Canine influenza, commonly known as dog flu, is on the rise in some areas of the United States.
This winter, veterinarians have reported a surge in cases in Philadelphia, Minneapolis and North Texas, according to CBS News, and many are urging pet owners to have their dogs vaccinated against the contagious respiratory disease.
Dr. Lori Teller, president of the American Veterinary Medical Association (AVMA), previously told PEOPLE that, unlike human influenza flaring up in the winter, dog flu spreads year-round. "Outbreaks of canine influenza flare up from time to time," she said.
RELATED: Everything Dog Owners Should Know About Canine Flu and How it Is Affecting Pets This Winter
"The good news now is that there is more awareness and knowledge of the virus, and there are vaccinations available to help protect your dogs," Dr. Teller added.
Although vaccination may not entirely prevent the infection, it can "reduce the severity and duration of the illness," according to Teller. Pet owners can discuss the vaccination with their veterinarians to decide if it's appropriate for their dogs.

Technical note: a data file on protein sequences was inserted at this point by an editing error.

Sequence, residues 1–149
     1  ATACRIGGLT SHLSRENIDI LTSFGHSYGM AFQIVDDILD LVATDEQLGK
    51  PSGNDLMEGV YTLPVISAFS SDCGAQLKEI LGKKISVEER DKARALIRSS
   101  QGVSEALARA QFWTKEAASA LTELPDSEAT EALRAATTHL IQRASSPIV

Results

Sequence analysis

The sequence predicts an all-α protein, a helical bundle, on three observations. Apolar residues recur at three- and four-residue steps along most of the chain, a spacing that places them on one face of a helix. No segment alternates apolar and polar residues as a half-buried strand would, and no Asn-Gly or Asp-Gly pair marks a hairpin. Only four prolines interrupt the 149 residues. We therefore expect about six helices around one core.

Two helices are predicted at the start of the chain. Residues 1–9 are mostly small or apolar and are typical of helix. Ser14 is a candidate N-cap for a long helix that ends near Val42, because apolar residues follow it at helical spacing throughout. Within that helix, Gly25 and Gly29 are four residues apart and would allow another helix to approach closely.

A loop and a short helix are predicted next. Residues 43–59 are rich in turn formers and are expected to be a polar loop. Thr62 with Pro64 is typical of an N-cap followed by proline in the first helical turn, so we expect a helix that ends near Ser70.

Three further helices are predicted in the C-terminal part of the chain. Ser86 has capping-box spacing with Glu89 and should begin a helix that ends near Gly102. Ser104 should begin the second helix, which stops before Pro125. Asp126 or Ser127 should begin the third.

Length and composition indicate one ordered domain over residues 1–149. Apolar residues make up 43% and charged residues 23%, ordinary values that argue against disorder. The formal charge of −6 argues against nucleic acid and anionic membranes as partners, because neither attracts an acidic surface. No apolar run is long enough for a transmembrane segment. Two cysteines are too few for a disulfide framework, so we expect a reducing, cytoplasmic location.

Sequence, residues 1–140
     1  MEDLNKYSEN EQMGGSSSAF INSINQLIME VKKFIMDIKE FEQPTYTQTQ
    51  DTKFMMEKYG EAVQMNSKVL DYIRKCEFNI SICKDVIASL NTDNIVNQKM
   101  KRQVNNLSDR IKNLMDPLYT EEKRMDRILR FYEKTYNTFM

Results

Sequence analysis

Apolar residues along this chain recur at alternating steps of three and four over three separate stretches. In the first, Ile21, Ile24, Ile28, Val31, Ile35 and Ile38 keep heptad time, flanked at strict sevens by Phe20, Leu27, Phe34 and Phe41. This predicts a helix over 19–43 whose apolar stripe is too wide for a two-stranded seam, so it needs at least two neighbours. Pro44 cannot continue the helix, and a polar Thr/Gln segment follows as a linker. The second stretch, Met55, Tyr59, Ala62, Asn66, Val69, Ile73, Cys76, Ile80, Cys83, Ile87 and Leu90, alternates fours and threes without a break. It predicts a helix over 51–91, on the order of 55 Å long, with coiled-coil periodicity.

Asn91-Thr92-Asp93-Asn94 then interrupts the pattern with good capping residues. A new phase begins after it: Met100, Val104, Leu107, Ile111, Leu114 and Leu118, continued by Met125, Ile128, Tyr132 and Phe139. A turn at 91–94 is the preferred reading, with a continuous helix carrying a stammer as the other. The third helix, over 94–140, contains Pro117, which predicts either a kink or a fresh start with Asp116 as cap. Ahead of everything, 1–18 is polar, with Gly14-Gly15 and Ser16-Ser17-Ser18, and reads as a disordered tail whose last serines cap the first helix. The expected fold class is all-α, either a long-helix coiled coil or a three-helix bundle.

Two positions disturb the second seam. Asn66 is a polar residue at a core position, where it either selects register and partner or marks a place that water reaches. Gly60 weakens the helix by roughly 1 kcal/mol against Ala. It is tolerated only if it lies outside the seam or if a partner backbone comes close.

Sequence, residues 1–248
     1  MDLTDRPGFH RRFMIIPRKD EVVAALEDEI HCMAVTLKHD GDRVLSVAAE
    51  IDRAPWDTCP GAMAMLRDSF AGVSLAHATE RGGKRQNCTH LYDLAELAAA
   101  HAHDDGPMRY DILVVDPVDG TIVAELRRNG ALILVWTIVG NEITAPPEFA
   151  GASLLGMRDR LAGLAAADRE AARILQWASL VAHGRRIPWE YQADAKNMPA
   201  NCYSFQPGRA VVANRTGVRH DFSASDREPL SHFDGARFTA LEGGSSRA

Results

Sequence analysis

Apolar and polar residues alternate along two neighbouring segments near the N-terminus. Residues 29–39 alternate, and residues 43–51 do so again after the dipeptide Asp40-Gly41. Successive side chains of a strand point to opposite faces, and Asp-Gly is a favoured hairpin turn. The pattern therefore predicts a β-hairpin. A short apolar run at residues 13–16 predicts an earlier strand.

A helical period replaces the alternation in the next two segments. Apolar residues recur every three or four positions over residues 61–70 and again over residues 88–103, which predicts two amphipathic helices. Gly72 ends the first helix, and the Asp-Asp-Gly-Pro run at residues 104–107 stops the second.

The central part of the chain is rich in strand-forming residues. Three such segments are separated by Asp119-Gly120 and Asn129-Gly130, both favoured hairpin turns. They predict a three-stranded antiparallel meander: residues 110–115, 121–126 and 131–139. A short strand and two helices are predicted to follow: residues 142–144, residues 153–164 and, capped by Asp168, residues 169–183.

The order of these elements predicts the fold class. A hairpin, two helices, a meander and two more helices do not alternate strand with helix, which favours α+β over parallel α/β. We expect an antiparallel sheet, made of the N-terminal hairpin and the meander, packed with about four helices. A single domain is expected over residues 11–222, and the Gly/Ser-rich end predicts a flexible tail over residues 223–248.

According to the U.S. Centers for Disease Control and Prevention, canine influenza is not life-threatening and there have been no reported cases of the virus spreading to humans.
RELATED: How to Protect Your Pup from the Dreaded Dog Flu This Season
Symptoms of the milder form of dog flu include a soft, moist, persistent cough, lethargy, sneezing and loss of appetite. More severe forms of dog flu may cause canines to develop high fevers and signs of pneumonia. Dog owners are advised to contact their veterinarian immediately if their pet stops eating or has difficulty breathing.
RELATED VIDEO: Hero Allergen Detection Golden Retriever Shows How She Protects the Lives of People with Severe Allergies
"The flu is spread by contact from dog to dog. Owners who suspect their dog has the flu should monitor dogs for signs of disease and seek veterinary care if they believe their dog may be sick. This helps to prevent the disease from spreading to healthy dogs," said Dr. Teller.
Never miss a story — sign up for PEOPLE's free daily newsletter to stay up-to-date on the best of what PEOPLE has to offer, from juicy celebrity news to compelling human interest stories.
The milder form is treated similarly to how humans recover from flu. Dr. Teller advises "making your dog as comfortable as possible" and ensuring they have "access to good nutrition, fresh water and a quiet place to rest. Most dogs recover from canine influenza within 2-3 weeks."